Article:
According to the Washington Post, US civilian and military authorities in Iraq have agreed to create an Iraqi paramilitary force numbering just under 1,000 men, composed of equal contributions from the militias of the five largest political parties in the country.
I hesitate to criticize this decision too readily because I can see the very difficult range of options we're dealing with. And I can see advantages of pursuing such a course: namely, having a corps of trained Iraqis to help put down the insurgents who are killing our soldiers and preventing any progress toward stabilization and democratization.
I'm convinced that the choice to disband the Iraqi Army was a bad idea, about which we should have known better. This, on the other hand, may be a bad decision that we must take because all the other options are worse.
But with all those qualifications put out on the table, I have to tell you that just instinctively this strikes me as a very bad idea.
As Ghazi Yawar, an independent member of the Council tells the Post: "This is a very big blunder. We should be dissolving militias, not finding ways to legitimize them. This sends the wrong message to the Iraqi people."
The reasons for not doing this are almost endless -- not least of which is the fact that these militias aren't exactly pure as the driven snow operations, and they are based in most cases on rival political factions that would probably be fighting each other if we weren't still there with a hundred and fifty thousands of our guys and gals. (Add to this the fact that the leaders of several of these parties are reaching for almost any expedient to perpetuate their power into the post-occupation period -- and this looks like an awfully good way to do it.)
At a deeper level, however, the issue here is one of power and the direction in which it is flowing.
The idea behind a successful occupation, reconstruction and democratization process -- whether it be in Japan or Germany or Kosovo or Bosnia -- is that you control not only the power of overwhelming force but the more granular and immediate forms of power we associate with police authority and basic civil administration.
It is only with that sort of control that you can hope to manage the sort of social and political reconfigurations -- always matters of the greatest difficulty -- that can ensure a more democratic and stable future for the country in question.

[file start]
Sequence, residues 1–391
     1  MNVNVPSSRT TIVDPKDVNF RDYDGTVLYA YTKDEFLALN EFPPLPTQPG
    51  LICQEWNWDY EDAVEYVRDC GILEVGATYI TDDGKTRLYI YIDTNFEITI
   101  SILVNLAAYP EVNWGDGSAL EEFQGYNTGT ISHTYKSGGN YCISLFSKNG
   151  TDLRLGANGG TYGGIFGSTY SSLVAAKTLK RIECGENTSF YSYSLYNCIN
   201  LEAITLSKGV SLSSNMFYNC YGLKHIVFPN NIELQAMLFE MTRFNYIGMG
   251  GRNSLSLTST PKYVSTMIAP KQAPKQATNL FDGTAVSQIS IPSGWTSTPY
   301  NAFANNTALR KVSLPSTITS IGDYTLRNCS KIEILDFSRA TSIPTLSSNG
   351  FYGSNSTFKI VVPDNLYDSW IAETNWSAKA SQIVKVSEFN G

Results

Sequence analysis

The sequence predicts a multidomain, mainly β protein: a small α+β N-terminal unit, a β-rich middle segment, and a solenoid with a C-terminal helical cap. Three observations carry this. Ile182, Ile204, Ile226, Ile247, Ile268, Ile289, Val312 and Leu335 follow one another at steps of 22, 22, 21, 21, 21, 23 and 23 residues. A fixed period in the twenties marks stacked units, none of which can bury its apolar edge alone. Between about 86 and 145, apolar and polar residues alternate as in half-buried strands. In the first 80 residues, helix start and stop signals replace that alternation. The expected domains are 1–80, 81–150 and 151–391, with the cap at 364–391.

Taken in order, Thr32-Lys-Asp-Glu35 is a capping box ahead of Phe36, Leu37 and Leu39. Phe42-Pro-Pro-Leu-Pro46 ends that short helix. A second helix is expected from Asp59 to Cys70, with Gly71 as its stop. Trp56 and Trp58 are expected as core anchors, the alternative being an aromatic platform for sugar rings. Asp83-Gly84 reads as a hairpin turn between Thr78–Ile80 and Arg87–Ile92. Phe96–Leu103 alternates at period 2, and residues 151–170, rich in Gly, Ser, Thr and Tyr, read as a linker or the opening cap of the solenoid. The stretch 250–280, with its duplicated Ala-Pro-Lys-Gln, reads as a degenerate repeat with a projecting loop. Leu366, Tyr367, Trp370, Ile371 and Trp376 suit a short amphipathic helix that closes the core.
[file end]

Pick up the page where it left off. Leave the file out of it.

(Call this imperialism, or any other catch phrase, but if it's done competently and under the appropriate auspices I have no problem with it.)
But what is quite evidently happening here is that we don't have that sort of power. So we're having to go to other sources of force, authority and patronage to find it.
Only the groups we're going to -- in most cases factions based either on hucksters, or charismatic leaders or ethnic or sectarian loyalties -- are the ones whose power we're trying to curb or who themselves embody tendencies in the society which we are trying to reform. In such a state of affairs it becomes very difficult to see whether we're coopting them or they're coopting us.
When I first started reporting on Iraq almost two years ago I had a long conversation with a well-known Iraqi emigre who told me that thirty years of what he called Saddam's "excessive dictatorship" had so ground down all the elements of civil society and public life in Iraq that the only associations that remained were the most elemental ones -- those of ethnicity and sect, the hardiest weeds, which were the only ones that could withstand the scorched earth policy which was Saddam's rule. The truly national institutions and the other rudiments of civic life had simply been destroyed.
Ideally, a period of occupation or international administration can create a period of breathing space where such national and cross-ethnic and cross-sectarian institutions could emerge and provide a counterweight to these more destabilizing, centrifugal forces.
But instead of our mastering them, they appear to be mastering us.
As is happening on so many fronts the initiative is slipping from our hands, even though we try to portray the process as the product of our own policy and decision-making.